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Hundreds in West Michigan struggle with homelessness

It's a growing problem in West Michigan. All week WZZM 13 is shining a light on the issue of homelessness and sharing the stories of families that are affected and the organizations helping them.

It's a growing problem in West Michigan. All week, WZZM 13 is shining a light on the issue of homelessness and sharing the stories of families that are affected and the organizations helping them.

"There are many families that don't reach out scared and don't know where to go," says Dennis Van Kampen, the president and CEO of Mel Trotter Ministries.

Advocates for the homeless say, each night, there are are nearly 1,000 West Michigan families dealing with a form of homelessness and searching for somewhere safe and warm to stay. They and their children have been affected by a housing crisis that is among the worst in the country. And, unfortunately, too often, all of the local shelters are full.

"It is terrifying for families when they don't know where they are going. They don't know where their next meal is coming from. They don't know how they will get their kids to school the next morning, how they are going to get to work. They are just trying to keep it together for their kids," says Kate O'Keefe, Community Relations and Development Manager for Family Promise of Grand Rapids. "But, we have hundreds of families experiencing this terror. We, in Grand Rapids, have a wait list for families needing emergency shelter. We don't have enough shelter right now to provide for the families that need it."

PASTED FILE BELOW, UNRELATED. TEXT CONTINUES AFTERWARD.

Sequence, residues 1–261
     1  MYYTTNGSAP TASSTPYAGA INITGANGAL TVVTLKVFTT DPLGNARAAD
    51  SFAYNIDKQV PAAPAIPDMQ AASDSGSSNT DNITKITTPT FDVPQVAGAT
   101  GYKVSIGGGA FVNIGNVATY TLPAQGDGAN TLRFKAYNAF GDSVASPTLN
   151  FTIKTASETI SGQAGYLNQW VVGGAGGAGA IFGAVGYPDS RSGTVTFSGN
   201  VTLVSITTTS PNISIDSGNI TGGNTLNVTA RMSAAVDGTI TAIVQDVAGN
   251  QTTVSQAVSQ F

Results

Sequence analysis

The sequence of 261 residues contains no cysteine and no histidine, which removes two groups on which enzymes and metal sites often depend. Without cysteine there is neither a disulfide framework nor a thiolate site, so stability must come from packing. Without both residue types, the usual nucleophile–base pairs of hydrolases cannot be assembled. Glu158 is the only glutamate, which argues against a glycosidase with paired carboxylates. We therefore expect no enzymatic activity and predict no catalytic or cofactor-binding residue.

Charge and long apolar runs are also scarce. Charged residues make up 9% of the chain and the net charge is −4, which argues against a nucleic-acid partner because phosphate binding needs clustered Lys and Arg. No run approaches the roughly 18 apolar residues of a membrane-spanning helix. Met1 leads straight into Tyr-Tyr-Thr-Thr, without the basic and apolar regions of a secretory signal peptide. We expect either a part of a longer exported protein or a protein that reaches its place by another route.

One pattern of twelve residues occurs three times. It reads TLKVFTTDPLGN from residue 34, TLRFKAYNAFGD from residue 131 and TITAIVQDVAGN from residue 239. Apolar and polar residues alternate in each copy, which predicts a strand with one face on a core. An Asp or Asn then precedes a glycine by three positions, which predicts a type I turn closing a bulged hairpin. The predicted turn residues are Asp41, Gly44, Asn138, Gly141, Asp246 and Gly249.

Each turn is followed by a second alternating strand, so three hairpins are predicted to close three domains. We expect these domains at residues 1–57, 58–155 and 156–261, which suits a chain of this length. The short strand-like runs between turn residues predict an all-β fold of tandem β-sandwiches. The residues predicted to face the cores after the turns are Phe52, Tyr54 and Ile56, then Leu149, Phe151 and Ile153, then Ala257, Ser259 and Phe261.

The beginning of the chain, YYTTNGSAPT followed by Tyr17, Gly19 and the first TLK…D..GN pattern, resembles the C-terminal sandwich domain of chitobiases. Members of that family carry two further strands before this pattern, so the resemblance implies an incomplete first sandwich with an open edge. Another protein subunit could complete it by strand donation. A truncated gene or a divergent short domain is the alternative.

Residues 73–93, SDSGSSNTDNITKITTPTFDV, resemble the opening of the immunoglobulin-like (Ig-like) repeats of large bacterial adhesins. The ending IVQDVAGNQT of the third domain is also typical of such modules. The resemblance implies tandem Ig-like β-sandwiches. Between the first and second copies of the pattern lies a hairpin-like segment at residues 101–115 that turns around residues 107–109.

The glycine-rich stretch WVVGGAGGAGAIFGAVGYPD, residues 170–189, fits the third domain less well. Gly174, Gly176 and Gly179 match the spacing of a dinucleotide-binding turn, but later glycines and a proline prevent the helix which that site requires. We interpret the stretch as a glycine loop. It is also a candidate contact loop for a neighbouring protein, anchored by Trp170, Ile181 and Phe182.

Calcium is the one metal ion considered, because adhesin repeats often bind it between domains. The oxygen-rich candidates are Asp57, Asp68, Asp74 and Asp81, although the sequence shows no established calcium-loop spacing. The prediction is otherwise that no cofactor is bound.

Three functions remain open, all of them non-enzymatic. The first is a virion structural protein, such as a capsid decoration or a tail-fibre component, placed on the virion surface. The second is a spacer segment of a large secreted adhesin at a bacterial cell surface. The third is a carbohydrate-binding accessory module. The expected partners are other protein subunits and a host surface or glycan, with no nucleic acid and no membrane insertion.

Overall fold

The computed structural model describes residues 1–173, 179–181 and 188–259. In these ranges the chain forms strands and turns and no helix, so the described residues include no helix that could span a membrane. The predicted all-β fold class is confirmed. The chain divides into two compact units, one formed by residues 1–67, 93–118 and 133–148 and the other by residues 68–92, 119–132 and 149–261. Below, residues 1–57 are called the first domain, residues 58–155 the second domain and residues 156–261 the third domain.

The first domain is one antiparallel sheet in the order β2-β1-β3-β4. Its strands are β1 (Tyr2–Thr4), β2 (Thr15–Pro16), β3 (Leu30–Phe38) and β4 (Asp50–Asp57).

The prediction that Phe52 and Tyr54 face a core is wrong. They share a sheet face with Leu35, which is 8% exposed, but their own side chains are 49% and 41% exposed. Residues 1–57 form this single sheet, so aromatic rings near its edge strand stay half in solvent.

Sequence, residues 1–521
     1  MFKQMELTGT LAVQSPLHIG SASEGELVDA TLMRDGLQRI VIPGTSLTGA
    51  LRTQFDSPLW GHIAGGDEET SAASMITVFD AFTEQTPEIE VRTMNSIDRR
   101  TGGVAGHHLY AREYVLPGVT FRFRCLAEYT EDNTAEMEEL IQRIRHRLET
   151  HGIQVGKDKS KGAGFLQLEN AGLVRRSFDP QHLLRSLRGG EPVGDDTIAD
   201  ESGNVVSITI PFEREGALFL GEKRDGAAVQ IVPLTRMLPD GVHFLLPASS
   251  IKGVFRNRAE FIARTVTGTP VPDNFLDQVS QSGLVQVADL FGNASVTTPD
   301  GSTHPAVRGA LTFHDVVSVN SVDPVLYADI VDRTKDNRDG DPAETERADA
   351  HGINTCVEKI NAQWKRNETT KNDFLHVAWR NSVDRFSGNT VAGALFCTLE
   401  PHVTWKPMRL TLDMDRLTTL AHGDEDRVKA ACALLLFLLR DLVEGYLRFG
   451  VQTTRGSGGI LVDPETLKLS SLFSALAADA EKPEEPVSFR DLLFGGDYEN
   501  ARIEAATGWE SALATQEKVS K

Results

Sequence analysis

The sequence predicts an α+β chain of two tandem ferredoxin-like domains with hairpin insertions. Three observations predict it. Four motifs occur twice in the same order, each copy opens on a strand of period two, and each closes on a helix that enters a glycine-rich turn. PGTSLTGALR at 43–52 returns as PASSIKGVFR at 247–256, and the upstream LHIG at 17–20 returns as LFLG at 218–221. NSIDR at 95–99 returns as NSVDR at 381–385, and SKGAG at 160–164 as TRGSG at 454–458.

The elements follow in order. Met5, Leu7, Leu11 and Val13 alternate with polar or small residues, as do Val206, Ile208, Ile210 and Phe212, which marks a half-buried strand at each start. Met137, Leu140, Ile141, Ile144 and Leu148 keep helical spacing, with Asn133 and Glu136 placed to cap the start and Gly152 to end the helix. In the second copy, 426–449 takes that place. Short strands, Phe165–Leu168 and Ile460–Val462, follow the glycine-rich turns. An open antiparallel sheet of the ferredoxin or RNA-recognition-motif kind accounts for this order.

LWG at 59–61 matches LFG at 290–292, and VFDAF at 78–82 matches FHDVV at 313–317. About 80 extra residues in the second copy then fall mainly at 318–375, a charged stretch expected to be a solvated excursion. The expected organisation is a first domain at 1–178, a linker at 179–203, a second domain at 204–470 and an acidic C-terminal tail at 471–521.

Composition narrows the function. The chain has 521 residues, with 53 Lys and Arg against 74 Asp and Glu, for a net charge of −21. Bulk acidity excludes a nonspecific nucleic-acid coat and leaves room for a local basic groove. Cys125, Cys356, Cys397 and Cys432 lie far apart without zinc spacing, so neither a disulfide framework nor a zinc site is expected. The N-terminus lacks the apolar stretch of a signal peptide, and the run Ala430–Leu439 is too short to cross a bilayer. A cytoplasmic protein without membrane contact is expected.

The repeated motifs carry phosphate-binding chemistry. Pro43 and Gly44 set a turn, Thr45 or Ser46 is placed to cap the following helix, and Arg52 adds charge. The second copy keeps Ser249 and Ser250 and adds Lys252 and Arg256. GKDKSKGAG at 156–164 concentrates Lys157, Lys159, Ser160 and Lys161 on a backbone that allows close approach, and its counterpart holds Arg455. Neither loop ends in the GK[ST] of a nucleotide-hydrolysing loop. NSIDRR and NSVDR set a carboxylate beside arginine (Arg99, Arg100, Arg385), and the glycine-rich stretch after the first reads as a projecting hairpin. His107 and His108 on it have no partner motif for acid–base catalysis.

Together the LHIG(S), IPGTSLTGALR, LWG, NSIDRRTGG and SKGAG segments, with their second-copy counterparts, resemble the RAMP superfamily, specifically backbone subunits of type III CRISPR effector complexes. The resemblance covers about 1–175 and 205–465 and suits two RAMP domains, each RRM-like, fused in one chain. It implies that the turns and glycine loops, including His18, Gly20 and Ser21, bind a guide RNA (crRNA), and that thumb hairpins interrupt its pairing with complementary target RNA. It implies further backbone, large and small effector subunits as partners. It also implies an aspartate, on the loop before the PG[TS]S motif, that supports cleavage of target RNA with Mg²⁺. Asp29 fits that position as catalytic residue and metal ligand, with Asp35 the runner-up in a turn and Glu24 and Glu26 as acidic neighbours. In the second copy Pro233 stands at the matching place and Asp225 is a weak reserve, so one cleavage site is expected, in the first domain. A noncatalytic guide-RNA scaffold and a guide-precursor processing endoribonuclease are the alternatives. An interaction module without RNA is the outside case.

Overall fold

The agency partners with other organizations and families to provide emergency shelter, basic needs and assistance in finding permanent housing. It serves about 350 families annually. Just under 1,000 of them are children. The average age of homeless children served is 6-years-old and younger. The organization is able to find permanent housing for more than 90% of the families it serves.

"Right now, Family Promise can get families into a home in about 35 to 40 days. We don't want them in shelter any longer than they need to be," says O'Keefe." Over 85 percent of our families are employed when they enter shelter."

Van Kampen echoed that and pleads with the community to challenge stereotypes that would stifle much needed help.

"Sometimes we think people are homeless have addiction problems or eviction of criminal past. Over 90% of families that experience homelessness don't have any of that. They are just like you and I, but something tragic happened in their life," he said.

Those families all experience homelessness differently. Some bounce around staying with relatives, hotels and even their cars.

"It is awful. It is an awful feeling," O'Keefe said. "These families will share they were so scared our kids were going to be taken away. They say 'we didn't know who we could talk to. We didn't know who we could trust.' We just say, you are safe. You are warm. You are welcome. You are okay."

O'Keefe says this is a community-wide problem and it will take a community response to fix it.

Families who are currently homeless or in danger of being so are encouraged to call United Way's 211 to be connected to an agency that can help.

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